When she heard all the talk about gluten-free foods, Cara Pearson, who is part of the family behind the thought it was a fad that would go away.
But after hearing so many requests from customers and friends, and seeing how seriously the whole food industry is taking wheat allergies, she realized there may be more to it than she knew.
After doing some extensive research, the company at 1203 Pacific Ave. has unveiled its first gluten-free line of cookies, including a Chocolate Chip with Sea Salt and a Snickerdoodle.
The dough for these new cookies is made in the Westside's Red House Bakery, which has no storefront but sells to healthy markets such as New Leaf. It is then baked at Pacific's storefront, on special trays, with separate equipment and hinged plastic display cases to keep them away from cookies made from flour.
"We've been waiting for it to go away, but it just didn't," said Pearson. "It's getting more and more common to find people who have Celiac or are just wheat intolerant."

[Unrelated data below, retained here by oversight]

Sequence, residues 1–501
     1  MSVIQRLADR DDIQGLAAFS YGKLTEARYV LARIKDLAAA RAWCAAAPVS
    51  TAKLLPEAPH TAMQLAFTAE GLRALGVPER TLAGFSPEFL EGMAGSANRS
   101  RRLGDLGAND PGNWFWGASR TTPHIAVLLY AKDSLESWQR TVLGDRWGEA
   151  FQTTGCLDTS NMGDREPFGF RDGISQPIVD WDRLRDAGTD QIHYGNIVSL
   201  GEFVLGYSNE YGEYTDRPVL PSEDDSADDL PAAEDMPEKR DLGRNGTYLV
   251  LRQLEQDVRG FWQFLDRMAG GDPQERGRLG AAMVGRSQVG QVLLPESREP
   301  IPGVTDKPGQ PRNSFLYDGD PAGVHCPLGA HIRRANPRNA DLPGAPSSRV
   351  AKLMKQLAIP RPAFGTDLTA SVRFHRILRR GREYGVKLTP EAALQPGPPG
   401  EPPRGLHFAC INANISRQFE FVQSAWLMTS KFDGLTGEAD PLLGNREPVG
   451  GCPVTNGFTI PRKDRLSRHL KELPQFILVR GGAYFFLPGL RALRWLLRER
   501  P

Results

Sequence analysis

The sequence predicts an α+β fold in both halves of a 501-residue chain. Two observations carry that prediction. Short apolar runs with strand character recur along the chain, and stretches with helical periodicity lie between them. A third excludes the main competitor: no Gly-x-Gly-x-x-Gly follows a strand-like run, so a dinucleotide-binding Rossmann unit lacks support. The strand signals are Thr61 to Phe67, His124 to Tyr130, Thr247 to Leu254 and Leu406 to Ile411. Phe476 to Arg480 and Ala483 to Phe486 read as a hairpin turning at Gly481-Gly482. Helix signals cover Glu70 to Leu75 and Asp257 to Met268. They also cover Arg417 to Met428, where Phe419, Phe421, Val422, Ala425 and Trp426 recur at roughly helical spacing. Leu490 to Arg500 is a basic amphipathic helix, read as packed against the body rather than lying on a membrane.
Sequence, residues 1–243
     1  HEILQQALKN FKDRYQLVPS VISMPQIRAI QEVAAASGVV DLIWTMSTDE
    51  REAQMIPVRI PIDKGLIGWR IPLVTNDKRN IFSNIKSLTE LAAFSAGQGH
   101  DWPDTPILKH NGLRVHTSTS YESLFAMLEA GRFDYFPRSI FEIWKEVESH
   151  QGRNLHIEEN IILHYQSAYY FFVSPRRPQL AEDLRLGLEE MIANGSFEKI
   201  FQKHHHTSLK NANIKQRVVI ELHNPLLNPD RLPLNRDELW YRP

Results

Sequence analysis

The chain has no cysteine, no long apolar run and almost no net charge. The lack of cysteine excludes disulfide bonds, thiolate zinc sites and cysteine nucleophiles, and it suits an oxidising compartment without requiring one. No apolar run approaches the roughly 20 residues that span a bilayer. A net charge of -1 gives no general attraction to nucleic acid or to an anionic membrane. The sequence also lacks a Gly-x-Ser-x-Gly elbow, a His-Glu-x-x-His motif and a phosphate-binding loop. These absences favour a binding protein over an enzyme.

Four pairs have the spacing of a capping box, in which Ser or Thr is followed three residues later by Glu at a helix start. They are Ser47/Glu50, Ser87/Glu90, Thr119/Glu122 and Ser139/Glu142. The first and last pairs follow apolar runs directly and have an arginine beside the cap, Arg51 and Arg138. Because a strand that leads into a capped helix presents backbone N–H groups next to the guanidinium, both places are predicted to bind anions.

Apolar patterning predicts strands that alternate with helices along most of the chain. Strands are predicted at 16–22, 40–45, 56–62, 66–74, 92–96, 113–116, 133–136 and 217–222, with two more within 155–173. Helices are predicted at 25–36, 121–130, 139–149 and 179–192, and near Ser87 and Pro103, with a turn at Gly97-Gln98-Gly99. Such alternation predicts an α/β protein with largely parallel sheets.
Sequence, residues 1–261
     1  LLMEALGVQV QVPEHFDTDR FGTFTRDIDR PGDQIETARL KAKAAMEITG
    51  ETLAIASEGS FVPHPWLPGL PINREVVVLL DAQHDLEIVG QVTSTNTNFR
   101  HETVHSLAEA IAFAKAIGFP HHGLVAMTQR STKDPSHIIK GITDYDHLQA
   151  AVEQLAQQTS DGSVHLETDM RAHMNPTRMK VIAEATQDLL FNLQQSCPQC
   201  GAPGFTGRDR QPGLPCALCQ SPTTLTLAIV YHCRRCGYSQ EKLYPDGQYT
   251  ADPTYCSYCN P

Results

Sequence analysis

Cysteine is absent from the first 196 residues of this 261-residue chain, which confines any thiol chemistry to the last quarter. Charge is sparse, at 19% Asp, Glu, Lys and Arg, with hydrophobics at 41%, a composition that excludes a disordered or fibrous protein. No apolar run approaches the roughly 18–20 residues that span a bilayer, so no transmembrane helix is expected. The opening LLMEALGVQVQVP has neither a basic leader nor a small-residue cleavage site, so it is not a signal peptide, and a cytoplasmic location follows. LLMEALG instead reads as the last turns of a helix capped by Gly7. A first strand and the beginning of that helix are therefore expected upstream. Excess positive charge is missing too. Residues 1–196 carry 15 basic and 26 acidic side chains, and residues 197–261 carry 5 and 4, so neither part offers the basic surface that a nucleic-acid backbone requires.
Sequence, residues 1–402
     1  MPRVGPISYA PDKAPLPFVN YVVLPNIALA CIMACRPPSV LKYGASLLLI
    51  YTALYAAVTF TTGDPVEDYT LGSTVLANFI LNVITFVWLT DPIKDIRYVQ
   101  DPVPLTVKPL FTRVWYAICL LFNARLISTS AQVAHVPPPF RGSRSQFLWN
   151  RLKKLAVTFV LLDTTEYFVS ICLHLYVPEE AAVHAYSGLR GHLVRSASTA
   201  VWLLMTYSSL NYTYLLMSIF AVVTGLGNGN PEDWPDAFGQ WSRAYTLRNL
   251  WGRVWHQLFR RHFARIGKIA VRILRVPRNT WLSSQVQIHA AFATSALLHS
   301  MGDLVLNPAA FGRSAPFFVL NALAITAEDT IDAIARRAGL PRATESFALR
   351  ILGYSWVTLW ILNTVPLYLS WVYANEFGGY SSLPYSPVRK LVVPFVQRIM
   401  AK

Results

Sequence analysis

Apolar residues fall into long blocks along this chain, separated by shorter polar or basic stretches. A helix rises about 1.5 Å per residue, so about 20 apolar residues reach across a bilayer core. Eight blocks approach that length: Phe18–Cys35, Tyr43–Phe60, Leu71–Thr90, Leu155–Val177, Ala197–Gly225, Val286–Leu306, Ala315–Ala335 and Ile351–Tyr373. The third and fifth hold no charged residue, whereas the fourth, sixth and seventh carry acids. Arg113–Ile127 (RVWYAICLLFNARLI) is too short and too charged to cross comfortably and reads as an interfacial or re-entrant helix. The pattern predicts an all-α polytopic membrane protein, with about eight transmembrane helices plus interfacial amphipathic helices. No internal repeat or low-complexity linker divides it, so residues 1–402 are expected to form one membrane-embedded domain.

The big challenge was making it tasty. Pearson tried a recipe a year ago, but the cookies were just awful, she said. She looked all over for someone making a wheat-free cookie that could pass the shop's standards for tasting good, and sampled a Red House cookie, and voila!
"It had a clean mouth feel," she said. Some flour substitutes were rough and grainy. "They use light chocolate, organic butter and, what's really important is your flour base. They use sorghum, which is like whole wheat, but gives you a solid flavor."
Sorghum is a variety of grass that is high in protein, something needed by those with wheat-based allergies.
"We have never made a health claim," said Pearson. "Once we tried to do something low fat, but it had a fruit base and attracted fruit flies. That didn't work."
Pacific is known for gourmet cookies, filled with butter, that are going to taste good and you don't worry about calories, said Pearson.
Taste was the most important priority, and in a slow rollout over a week, the gluten-free varieties have been passing muster with the customer base.
"For us, we wouldn't have brought in something that didn't taste good," she added. "When someone bites a Pacific Cookie, they expect it to taste great. We wouldn't serve it if it didn't."
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